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Posted by Mike Florio on October 29, 2008, 9:06 p.m.

As the NFL prepares for the final nine weeks of the 2008 regular season, PFTV takes a look at the teams that might (or might not) make it to the postseason.

The only thing clear at this point is that the prospects are as unclear as they

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How we currently see the NFL, top to bottom.

1. Tennessee Titans (7-0).

2. New York Giants (6-1).

3. Washington Redskins (6-2).

4. Pittsburgh Steelers (5-2).

5. Carolina Panthers (6-2).

6. New England Patriots (5-2).

7. Tampa Bay Buccaneers (5-3).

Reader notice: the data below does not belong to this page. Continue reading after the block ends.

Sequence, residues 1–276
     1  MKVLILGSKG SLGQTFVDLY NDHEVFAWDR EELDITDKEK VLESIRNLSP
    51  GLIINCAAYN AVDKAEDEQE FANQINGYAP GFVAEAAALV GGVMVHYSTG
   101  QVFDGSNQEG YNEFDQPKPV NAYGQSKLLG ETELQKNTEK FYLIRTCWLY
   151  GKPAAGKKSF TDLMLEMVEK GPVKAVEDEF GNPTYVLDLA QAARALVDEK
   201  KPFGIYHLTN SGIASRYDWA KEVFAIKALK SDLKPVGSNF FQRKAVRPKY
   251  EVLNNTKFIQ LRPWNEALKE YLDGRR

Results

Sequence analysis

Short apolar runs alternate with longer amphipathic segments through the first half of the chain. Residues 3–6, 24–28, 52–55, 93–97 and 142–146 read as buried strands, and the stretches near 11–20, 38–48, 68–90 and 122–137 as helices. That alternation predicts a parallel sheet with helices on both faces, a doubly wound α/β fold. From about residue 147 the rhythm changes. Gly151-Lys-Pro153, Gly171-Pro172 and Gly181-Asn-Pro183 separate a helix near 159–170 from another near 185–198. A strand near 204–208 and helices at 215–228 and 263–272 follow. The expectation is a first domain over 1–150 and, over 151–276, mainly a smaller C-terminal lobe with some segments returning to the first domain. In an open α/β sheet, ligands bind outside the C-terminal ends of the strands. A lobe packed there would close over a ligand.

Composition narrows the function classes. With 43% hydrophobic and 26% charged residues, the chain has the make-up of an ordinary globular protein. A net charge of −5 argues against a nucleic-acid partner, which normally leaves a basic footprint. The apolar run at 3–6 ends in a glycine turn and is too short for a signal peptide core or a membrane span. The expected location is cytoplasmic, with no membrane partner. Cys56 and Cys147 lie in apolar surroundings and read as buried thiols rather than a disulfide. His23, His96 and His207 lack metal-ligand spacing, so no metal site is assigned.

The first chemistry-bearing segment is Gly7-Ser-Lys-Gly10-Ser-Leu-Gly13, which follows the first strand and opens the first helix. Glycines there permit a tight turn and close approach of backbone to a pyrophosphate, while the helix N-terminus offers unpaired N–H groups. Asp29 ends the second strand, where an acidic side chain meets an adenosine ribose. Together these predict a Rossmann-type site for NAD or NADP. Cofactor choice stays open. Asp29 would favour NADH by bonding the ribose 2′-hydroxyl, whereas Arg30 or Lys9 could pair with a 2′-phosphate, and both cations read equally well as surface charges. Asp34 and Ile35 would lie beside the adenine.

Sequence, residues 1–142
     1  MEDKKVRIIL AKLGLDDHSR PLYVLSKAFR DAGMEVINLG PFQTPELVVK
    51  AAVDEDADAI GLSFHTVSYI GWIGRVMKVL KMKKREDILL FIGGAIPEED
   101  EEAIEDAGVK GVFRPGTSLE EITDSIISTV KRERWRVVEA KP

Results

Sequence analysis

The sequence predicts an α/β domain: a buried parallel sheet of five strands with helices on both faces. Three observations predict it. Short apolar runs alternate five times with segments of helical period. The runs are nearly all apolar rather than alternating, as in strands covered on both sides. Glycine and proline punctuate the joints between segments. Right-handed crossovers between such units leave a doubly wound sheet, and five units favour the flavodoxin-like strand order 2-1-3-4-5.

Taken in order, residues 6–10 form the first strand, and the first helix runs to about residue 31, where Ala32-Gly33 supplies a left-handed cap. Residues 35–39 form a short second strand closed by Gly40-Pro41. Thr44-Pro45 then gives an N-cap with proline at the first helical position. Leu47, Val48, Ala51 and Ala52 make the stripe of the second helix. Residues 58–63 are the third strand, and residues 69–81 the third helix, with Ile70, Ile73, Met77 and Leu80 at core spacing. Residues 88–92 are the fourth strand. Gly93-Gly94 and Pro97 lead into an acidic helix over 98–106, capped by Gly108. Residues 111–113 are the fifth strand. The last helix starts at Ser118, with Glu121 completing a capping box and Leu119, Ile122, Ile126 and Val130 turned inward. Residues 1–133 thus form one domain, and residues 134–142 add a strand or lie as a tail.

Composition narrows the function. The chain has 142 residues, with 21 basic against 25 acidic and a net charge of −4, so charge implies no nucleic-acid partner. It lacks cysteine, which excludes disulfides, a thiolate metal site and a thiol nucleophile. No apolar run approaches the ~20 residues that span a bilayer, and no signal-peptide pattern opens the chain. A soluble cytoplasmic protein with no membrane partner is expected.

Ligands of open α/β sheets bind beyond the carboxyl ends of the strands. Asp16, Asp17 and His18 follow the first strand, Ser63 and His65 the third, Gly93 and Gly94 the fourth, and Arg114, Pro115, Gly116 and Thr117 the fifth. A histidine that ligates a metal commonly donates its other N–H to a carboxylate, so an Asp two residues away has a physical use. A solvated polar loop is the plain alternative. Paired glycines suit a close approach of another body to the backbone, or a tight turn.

8. Buffalo Bills (5-2).

9. Dallas Cowboys (5-3).

10. Philadelphia Eagles (4-3).

11. Atlanta Falcons (4-3).

12. Arizona Cardinals (4-3).

13. Chicago Bears (4-3).

14. Denver Broncos (4-3).

15. Green Bay Packers (4-3).

16. New York Jets (4-3).

17. New Orleans Saints (4-4).

18. Indianapolis Colts (3-4).

19. Jacksonville Jaguars (3-4).

20. Baltimore Ravens (4-3).

21. San Diego Chargers (3-5).

22. Cleveland Browns (3-4).

23. Houston Texans (3-4).

24. Miami Dolphins (3-4).

25. St. Louis Rams (2-5).

26. Minnesota Vikings (3-4).

27. Seattle Seahawks (2-5).

28. Oakland Raiders (2-5).

29. Kansas City Chiefs (1-6).

30. San Francisco 49ers (2-6).

31. Cincinnati Bengals (0-8).

32. Detroit Lions (0-7).